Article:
Music by Justin Hurwitz; Lyric by Benj Pasek and Justin Paul

“The Empty Chair” from Jim: The James Foley Story

Music and Lyric by J. Ralph and Sting

“How Far I’ll Go” from Moana

Music and Lyric by Lin-Manuel Miranda

=============================

PRODUCTION DESIGN

Arrival

Fantastic Beasts and Where to Find Them

Hail, Caesar!

La La Land

Passengers

=============================

SHORT FILM (ANIMATED)

Blind Vaysha

Borrowed Time

Pear Cider and Cigarettes

Pearl

Piper

=============================

SHORT FILM (LIVE ACTION)

Ennemis Intérieurs

La Femme et le TGV

Silent Nights

Sing

Timecode

=============================

SOUND EDITING

Arrival

Deepwater Horizon

Hacksaw Ridge

La La Land

Sully

=============================

SOUND MIXING

Arrival

Hacksaw Ridge

La La Land

Rogue One: A Star Wars Story

13 Hours: The Secret Soldiers of Benghazi

=============================

VISUAL EFFECTS

Deepwater Horizon

Doctor Strange

The Jungle Book

Kubo and the Two Strings

Rogue One: A Star Wars Story

=============================

WRITING (ADAPTED SCREENPLAY)

Arrival

Fences

Hidden Figures

Lion

Moonlight

=============================

WRITING (ORIGINAL SCREENPLAY)

Hell or High Water

La La Land

The Lobster

Manchester by the Sea

20th Century Women

Oscars 2016: How’d I do? So-so …

la-et-mn-oscars-2016-nominations-winners-list (1)

This was not one of my better years predicting the Oscars. While I had most of the biggies correct (Director, Adapted and Original Screenplay, Actor, Actress, Supporting Actress), I was off on two biggies: Picture and Supporting Actor. I have to say, Sly losing is the bummer of the night for me … Mainly because I could not envision a scenario in which George Miller would win Director and “Fury Road” would take Best Picture.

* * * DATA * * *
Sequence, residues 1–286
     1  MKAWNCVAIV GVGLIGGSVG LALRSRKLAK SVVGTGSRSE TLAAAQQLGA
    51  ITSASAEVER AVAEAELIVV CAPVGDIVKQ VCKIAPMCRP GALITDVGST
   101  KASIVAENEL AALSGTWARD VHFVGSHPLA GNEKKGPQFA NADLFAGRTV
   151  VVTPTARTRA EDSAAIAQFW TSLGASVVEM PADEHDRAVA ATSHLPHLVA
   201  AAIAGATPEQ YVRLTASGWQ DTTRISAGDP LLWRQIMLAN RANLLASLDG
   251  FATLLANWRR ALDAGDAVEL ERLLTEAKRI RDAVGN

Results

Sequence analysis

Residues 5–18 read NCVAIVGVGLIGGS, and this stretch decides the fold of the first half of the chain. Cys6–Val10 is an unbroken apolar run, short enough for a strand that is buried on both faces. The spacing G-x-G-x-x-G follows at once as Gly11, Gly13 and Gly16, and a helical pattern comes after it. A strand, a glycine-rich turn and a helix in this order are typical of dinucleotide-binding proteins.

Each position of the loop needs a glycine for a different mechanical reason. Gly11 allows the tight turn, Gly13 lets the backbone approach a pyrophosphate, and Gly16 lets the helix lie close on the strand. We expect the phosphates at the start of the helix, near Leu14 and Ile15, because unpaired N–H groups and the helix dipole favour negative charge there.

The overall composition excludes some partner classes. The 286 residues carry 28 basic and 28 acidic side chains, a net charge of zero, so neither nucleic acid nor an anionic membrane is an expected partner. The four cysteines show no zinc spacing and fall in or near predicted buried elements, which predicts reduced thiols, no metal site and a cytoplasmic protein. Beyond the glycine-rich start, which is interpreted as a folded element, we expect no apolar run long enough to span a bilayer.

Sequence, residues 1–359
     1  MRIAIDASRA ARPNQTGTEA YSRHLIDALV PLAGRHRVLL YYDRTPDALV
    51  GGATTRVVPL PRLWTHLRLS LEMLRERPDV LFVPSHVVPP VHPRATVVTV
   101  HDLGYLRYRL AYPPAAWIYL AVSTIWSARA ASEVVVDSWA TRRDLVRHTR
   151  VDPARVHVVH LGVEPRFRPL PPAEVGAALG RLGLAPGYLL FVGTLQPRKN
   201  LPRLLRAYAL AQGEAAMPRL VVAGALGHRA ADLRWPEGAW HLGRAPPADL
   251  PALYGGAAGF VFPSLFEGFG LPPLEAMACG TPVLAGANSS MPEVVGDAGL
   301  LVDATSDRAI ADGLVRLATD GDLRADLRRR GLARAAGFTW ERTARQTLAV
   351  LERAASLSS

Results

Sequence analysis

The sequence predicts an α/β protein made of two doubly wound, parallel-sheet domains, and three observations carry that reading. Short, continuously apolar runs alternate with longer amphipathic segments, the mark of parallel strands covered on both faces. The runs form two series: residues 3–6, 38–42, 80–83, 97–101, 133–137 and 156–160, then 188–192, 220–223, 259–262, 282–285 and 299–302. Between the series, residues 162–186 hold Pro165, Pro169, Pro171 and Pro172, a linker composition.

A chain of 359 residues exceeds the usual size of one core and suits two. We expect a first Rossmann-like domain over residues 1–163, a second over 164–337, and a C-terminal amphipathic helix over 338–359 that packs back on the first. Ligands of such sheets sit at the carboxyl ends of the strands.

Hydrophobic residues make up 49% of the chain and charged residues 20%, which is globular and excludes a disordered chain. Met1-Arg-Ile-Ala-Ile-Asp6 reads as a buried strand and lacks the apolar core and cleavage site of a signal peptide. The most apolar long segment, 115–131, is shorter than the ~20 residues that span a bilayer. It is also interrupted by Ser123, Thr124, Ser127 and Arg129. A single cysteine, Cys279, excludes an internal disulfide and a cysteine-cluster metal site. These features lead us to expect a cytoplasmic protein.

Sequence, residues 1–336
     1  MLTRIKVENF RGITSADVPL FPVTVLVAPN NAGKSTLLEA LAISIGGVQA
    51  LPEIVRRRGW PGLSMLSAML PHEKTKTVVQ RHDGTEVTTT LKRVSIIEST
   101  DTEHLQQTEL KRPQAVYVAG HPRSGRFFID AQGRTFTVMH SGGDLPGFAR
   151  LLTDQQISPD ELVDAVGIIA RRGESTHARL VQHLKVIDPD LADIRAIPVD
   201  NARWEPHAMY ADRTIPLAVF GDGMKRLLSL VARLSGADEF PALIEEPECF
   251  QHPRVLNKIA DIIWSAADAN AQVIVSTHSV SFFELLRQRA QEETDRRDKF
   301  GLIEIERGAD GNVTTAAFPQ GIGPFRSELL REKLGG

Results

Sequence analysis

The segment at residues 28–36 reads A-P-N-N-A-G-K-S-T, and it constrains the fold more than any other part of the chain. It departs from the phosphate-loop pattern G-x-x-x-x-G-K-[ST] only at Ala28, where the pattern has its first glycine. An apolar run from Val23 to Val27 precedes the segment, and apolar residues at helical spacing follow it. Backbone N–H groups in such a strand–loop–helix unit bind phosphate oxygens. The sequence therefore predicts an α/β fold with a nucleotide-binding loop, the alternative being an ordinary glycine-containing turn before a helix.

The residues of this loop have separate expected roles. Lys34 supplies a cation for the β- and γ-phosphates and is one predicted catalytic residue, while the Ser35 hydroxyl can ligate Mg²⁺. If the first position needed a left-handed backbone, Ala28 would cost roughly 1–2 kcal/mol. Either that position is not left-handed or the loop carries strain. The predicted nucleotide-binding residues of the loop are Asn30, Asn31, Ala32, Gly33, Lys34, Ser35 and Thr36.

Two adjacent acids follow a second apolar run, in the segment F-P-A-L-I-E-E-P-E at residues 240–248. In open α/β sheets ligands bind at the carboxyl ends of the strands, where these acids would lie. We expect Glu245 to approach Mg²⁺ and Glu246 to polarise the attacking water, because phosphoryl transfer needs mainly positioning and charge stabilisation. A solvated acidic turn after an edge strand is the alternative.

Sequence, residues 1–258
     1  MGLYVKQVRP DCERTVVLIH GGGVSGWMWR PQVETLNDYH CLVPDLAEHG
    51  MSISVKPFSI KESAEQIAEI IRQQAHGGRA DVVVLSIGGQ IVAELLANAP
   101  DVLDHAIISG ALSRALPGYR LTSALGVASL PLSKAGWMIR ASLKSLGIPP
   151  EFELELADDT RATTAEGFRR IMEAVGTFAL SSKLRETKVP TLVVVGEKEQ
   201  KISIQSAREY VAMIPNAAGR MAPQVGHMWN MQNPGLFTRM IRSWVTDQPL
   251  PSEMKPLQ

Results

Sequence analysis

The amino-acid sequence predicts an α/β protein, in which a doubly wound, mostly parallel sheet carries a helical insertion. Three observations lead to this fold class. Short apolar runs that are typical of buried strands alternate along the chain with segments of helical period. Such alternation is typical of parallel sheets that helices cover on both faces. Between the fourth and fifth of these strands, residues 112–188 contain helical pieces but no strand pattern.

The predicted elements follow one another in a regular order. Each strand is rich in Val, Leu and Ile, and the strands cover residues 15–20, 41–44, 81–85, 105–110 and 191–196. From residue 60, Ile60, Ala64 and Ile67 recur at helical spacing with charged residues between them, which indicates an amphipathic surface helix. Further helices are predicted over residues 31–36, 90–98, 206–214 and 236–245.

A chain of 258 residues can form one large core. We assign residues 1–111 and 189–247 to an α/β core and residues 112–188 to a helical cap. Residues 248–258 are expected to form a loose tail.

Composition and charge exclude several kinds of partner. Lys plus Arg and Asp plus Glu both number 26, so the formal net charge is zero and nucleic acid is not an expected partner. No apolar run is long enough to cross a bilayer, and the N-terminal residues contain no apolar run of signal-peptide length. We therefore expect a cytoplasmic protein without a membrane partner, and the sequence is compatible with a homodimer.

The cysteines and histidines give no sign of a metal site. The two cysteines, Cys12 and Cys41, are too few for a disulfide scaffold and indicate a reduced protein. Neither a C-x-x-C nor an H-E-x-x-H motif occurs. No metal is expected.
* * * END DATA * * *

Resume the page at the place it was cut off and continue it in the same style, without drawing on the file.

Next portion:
In any event, I’m glad I went to bed after “Mad Max”’s early run. It was fun to turn off the TV and ponder whether Furiosa and company could go all the way …

One interesting note. While I finished 14 of 24 in what I felt would win, I was 12 of 24 in what I actually wanted to win. Honestly, 50 percent of my favorites winning is pretty darn good.

Oscars 2016: What will win, and what SHOULD win

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It’s Oscar time again, so here are my picks for what will win and what should win at the 88th Academy Awards.

Best Picture
“The Big Short”
“Bridge of Spies”
“Brooklyn”
“Mad Max: Fury Road”
“The Martian”
“The Revenant”
“Room”
“Spotlight”
Will Win: “The Revenant”
Should Win: “Spotlight”

Best Director
Adam McKay, “The Big Short”
George Miller, “Mad Max: Fury Road”
Alejandro González Iñárritu, “The Revenant”
Lenny Abrahamson, “Room”
Tom McCarthy, “Spotlight”
Will Win: Alejandro González Iñárritu, “The Revenant”
Should Win: George Miller, “Mad Max: Fury Road”

Best Actor
Bryan Cranston, “Trumbo”
Matt Damon, “The Martian”
Leonardo DiCaprio, “The Revenant”
Michael Fassbender, “Steve Jobs”
Eddie Redmayne, “The Danish Girl”
Will Win: Leonardo DiCaprio, “The Revenant”
Should Win: Leonardo DiCaprio, “The Revenant”

Best Actress
Cate Blanchett, “Carol”
Brie Larson, “Room”
Jennifer Lawrence, “Joy”
Charlotte Rampling, “45 Years”
Saoirse Ronan, “Brooklyn”
Will Win: Brie Larson, “Room”
Should Win: Brie Larson, “Room”

Best Supporting Actor
Christian Bale, “The Big Short”
Tom Hardy, “The Revenant”
Mark Ruffalo, “Spotlight”
Mark Rylance, “Bridge of Spies”
Sylvester Stallone, “Creed”